I guess that Cineworld would want to gradually turn the Ritzy workforce into Zero Hours staff. With 20% remaining on fixed contracts.

    This is as important an issue as the Living Wage.
    andrewdroid, Greebo, cesare and 3 others like this.
  5. Gramsci

    Gramsci Well-Known Member

    Another thing. Now most cinemas have changed to digital projection they have reduced the number of projectionists. They are no longer needed. So that has saved cinemas money.
    Greebo likes this.
  6. Gramsci

    Gramsci Well-Known Member

    Zero Hours contracts

    Greebo and Dexter Deadwood like this.
  7. Smick

    Smick Strictly Second Class

    Especially as it was one of the more skilled jobs. The films can now come directly from the film company's server at a pre-programmed time. No human involvement.

    Selling tickets online also saves them.

    There will soon be three jobs in there. Checking tickets, selling popcorn and cleaning up.

    It's no wonder they don't want to pay more. It's a race to the bottom skillswise.
  8. RedDragon

    RedDragon "I am not one of your fans!"

    Here's hoping they soon find themselves with zero punters screenings.
    Last edited: Mar 13, 2014
    Onket and Gramsci like this.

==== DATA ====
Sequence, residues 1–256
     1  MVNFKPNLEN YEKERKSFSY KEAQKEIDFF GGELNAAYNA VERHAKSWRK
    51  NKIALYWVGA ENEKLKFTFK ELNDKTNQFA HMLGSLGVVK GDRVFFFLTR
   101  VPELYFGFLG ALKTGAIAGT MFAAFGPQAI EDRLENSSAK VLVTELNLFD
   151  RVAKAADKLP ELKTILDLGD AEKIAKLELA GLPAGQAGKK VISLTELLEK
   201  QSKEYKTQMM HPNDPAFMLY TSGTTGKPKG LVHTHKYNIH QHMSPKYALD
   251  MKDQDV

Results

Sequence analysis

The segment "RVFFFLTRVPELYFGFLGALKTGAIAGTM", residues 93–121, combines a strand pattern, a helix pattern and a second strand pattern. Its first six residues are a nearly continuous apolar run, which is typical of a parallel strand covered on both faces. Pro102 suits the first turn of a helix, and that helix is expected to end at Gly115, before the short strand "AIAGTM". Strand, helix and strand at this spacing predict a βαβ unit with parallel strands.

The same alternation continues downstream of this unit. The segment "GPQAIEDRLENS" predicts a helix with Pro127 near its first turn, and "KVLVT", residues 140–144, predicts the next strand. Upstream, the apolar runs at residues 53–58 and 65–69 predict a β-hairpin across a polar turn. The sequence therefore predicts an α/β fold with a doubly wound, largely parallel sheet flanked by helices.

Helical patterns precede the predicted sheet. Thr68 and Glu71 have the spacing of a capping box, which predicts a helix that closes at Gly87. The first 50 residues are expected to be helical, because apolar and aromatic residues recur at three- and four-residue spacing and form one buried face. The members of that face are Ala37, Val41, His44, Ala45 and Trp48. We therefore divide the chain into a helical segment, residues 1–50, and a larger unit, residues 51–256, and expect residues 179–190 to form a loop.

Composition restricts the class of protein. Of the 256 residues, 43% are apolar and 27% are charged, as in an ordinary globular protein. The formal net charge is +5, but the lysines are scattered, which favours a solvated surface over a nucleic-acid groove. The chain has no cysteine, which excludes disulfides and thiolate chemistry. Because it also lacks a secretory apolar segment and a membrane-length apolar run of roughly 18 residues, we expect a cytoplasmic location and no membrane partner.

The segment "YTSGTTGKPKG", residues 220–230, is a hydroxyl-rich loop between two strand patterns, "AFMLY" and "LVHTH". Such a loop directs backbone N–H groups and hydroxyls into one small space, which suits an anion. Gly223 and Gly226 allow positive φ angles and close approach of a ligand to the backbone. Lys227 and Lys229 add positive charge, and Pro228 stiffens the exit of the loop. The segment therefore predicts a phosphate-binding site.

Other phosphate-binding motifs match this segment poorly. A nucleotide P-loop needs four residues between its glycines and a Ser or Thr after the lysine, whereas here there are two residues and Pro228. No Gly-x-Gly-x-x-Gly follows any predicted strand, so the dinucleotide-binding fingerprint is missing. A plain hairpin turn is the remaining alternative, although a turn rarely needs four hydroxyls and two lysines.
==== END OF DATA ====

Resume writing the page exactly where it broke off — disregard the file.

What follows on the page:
9. Hocus Eye.

    Hocus Eye. Snap, crop, scrap crap R.I.P.

    It looks like the employers don't want to concede to the workers in this particular cinema because of the knock-on effect it could on other cinemas in the chain. Perhaps the dispute itself needs to be escalated to these other workplaces.
    Greebo likes this.
  10. Dexter Deadwood

    Dexter Deadwood Left Voluntarily Enforced Holiday Banned

    The Ritzy can screen it's films with a robot projector but that robot can't buy a ticket. They can sell their tickets online, no one really objects to any of that but we all like the human touch, a bit of interaction especially in the hospitality/entertainment industry. If that's reduced to précarité popcorn sellers and surly security guards who let's not forget tried to stop people using the toilets when we turned out to party and prove Thatcher wrong on April 8th last year, then maybe none of it's any fun.